Heating Options Are Priority Number 2

Heating Options – Keeping Warm is Essential

Even warm climates have days and nights that get cold when there is no heat to take the chill out of the air. And with no electric or fuel oil delivery, it can be uncomfortable and even dangerous. Here are some options to consider.

Heating OptionFireplace/wood stove – I know you might be saying that you don’t have either a fireplace or a wood stove, but they both can be easily installed in a home. These options, however, require a great deal of wood, which may cause two problems. The first is where to store a large supply of wood. The second is your neighbors knowing you have heat and they will want to stay with you when winter hits. Sharing heat isn’t bad, but they will also want to share your food and water stash. If you live in an area where neighbors are not an issue, this small sized wood stove may work well for you, providing not only heating, but a cooking surface, as well. It is called the Hi-Flame Shetland Wood Stove. Keep in mind that much larger wood burning stoves are available, as well, but may not be necessary for your needs.

ClothingHopefully, if you are a “shelter in place” prepper, you will have set aside enough warm clothing to get you through a winter, if necessary.

heating optionDIY Paint Can Heater/Stove – This is a super option, easy and inexpensive to make as a DIY project. All you will need is empty (never used!) quart and/or gallon sized paint cans (available @ The Home Depot and Lowe’s), double sized toilet paper, rubbing alcohol (the 70% bottles you’ll find at WalMart), and a can lid lifter to attach to the side of the can. You will find this heater/stove also presented with Cooking Options. WATCH VIDEO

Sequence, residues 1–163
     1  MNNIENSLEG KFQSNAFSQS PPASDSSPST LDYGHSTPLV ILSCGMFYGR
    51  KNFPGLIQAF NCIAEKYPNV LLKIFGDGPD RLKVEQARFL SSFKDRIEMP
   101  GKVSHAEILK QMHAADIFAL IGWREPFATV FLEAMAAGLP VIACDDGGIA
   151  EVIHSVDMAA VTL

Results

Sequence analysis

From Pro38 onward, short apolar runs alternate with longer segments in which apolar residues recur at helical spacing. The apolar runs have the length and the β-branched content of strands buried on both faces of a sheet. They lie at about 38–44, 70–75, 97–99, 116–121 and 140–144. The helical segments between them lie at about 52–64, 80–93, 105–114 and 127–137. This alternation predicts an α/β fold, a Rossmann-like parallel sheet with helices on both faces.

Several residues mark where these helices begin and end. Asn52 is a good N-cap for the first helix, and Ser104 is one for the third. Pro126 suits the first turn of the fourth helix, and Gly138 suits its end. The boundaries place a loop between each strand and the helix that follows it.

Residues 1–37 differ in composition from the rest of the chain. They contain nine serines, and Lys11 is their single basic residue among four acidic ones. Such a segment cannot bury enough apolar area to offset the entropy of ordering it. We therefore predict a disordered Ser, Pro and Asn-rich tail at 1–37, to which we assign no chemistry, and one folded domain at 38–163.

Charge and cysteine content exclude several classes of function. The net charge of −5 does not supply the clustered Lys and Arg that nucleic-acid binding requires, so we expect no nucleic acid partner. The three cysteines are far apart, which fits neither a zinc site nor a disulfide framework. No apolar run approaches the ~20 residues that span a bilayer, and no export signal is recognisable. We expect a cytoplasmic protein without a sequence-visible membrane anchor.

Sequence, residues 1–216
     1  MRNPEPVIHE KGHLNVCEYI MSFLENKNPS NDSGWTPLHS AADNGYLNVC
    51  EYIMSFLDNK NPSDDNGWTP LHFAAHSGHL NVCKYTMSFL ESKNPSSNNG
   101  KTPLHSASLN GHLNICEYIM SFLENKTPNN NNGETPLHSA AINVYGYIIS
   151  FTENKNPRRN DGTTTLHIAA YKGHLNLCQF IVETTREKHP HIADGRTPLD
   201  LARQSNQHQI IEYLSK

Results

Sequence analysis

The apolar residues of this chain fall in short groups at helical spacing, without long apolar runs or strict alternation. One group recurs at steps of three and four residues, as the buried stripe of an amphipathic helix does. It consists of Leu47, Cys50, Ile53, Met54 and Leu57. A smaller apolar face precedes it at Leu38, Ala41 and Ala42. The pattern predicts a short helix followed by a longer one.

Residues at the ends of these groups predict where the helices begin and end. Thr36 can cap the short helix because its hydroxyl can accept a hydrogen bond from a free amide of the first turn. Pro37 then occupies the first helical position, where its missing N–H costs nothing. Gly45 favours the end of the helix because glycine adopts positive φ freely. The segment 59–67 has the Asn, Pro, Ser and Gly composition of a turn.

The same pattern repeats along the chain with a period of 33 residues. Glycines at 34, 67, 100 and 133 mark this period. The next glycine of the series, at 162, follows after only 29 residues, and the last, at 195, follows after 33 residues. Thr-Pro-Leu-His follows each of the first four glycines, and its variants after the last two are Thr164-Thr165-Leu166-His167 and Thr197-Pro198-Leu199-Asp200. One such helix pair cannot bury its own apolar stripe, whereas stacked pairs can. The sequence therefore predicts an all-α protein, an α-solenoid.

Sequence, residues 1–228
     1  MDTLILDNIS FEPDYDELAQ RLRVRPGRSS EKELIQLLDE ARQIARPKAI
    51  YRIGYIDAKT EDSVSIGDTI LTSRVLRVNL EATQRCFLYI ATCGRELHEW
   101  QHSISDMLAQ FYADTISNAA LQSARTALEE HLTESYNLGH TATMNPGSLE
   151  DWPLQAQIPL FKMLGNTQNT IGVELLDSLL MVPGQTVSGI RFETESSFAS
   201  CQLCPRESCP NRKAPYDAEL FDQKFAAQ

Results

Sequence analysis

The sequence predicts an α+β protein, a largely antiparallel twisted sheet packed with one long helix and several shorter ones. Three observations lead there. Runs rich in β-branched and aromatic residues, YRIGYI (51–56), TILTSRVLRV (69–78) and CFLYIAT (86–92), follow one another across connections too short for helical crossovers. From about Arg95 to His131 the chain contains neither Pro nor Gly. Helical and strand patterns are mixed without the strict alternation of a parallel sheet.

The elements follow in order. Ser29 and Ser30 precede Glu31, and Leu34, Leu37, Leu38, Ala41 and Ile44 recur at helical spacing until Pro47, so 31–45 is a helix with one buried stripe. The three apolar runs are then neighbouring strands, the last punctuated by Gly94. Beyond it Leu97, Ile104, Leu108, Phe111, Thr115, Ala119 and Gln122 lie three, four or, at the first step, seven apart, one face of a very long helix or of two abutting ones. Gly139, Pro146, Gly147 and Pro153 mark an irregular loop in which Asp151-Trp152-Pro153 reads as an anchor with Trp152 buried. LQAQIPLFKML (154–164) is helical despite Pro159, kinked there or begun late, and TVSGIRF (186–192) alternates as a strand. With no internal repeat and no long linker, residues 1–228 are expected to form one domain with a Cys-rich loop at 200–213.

Heating option

Kerosene Heatertypically, kerosene heaters need to be vented, but they do an excellent job heating small areas, like a bedroom.

Propane Heater – You may be asking if you can use your Coleman camping stove to heat your cold rooms. A query directed to Coleman asking if their camping stoves can be used indoors for cooking (specifically) yielded the emphatic response of “NO!” because of dangerous, even fatal, fumes. In the absence of electricity, we cannot even rely on the exhaust fan over the kitchen stove. The same applies to using camping stoves as indoor heaters.

Soda Can Solar Heat – When I first saw this video, my  immediate response was, “Genius!” Not only is it a super source of heat, the DIY part is so much easier than others which may appear similar, and the cost is extremely low. A unit can even be positioned in any south-facing window to take advantage of available sunshine. The presenter had success capturing sunlight filtering thru trees. Click here for a video on how to make one. WATCH VIDEO